On this particular morning a car followed me out of my friend's neighbourhood. When I turned onto this long road he followed me and that was when a little voice inside me said "That's a cop."

I accelerated to just shy of 60kph and the car stayed right behind me but I wasn't going to go over the speed limit. I got to the end of the road, signaled correctly, and made the turn...and the car stayed with me. I was about two blocks from the Newsagency when flashing blue lights lit up my car from behind and finally confirmed my suspicions.

I pulled over and the cop pulled up behind me, and I did what you do NOT do here in the States.

I opened my door, hopped out, and walked back towards the cop car.

The passenger door opened and a cop got out and met me in the space between our cars.

"I'm on my way to work," I said to him, pointing down the road, "I just had two blocks to go!"

"And you almost made it," the cop said with good humor.

There was no ordering me at gun point to get back into my car. No hostilities. Just a cop and a citizen having a chat at 4 o'clock in the morning on the side of the road.

While following me down that long straight road they'd run my plates and learned that I did not live in that neighbourhood, nor did I appear to be going home, so they'd pulled me over to check me out. The cop ran my driver's license, everything checked out, and with no further reason to stick around we wished each other a good day and went our separate ways.

But that was 20 years ago, in a small country town. I suspect thing are a lot different now.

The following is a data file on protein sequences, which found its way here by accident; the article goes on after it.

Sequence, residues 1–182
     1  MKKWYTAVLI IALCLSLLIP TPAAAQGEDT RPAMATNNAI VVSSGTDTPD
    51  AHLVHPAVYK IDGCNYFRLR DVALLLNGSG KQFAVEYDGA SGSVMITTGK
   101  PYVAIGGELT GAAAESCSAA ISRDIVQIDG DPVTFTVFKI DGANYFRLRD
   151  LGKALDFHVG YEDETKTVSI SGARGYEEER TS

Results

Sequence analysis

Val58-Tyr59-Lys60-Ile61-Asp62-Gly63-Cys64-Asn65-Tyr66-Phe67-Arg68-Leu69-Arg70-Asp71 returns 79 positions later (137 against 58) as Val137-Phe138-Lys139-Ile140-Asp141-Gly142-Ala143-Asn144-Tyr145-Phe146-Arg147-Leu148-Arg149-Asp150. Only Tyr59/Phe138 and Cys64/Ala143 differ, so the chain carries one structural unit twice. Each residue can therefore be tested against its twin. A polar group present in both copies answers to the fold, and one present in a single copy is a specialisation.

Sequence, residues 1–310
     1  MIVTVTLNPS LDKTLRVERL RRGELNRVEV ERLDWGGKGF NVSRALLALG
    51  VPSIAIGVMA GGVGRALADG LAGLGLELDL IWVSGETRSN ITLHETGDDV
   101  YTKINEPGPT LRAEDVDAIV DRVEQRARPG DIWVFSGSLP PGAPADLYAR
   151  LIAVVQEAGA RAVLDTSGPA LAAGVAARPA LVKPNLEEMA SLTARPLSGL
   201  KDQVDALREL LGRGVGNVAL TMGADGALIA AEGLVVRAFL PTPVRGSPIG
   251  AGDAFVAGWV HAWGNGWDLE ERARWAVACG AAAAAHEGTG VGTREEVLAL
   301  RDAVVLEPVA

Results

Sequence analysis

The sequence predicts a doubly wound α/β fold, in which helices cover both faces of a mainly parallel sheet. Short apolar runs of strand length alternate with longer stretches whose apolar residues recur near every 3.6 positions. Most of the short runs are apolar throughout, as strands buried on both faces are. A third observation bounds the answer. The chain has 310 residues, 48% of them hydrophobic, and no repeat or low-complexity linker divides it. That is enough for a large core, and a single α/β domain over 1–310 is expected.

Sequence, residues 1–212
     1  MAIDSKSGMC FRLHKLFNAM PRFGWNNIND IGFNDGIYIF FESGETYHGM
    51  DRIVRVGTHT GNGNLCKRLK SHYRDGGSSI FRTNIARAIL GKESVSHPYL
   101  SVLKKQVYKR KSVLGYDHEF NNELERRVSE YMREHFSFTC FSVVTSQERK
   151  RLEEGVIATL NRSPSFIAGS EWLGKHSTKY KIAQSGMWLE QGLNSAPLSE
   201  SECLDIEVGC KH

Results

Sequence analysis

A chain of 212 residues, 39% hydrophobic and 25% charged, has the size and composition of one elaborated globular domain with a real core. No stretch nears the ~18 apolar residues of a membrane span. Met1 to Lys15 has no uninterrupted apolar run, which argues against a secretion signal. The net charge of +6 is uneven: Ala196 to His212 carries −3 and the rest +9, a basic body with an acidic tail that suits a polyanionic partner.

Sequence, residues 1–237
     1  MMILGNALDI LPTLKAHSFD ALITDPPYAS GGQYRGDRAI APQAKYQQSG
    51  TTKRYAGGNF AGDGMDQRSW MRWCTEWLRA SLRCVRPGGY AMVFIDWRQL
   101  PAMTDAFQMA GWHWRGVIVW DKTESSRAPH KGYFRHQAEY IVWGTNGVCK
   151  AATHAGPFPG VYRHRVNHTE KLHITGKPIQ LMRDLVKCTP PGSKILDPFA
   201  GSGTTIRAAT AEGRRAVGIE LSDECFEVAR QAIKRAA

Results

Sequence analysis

Friday, November 13, 2009

Allodds online



Yes, it looks a lot like WoW, but I'm not complaining about that. This video was taken from Massively's website/review.

Is it just me?

Am I just out of touch? I don't watch the news much because it's mostly doom & gloom and I really don't need to see an hour of bad news right before going to bed. Instead I rely on the TV in the bus, a discarded newspaper, my coworkers, or my mate who has his finger on the political pulse of the country (because that's his job).

But it seems to me that the current regime is a lot more of a one-man show than the last gig. Of course maybe that's because the last front man was a bit of a cowboy. He made for great TV, especially Late Night whose writers really loved him, but you also got to see and hear a lot about Cheney, Condy, and the rest of the team.

With the current group I'm seeing a lot of their front man but I hardly ever see anything from Biden or Hillary. I do see Hillary occasionally, but man! What has Biden been doing? Is he back packing through Pakistan trying to find Osama? Where is he? And who else is there? It's almost as if there's nobody on the team but the Big O.

But maybe the ubiquitous "they" like it that way. Maybe Obama is being set up to succeed, or fail, all on his own, which is smart politics if you ask me (and even if you don't).

If it turns out Obama is a success, his team will come out of the wood work and say, "That's our boy!" (Is it racist to use the term "That's our boy!" to refer to our black President, even when "That's my/our boy!" is a well known term of endearment with no racial connotations?)

And if he fails they'll still rear their heads - this time in mock horror - as they exclaim, "You did what?"

They'll either ride his coat tails to victory, or wash their hands of him, and if you've taken the fast track to the top, you really shouldn't be surprised when the ride down the other side is even faster still.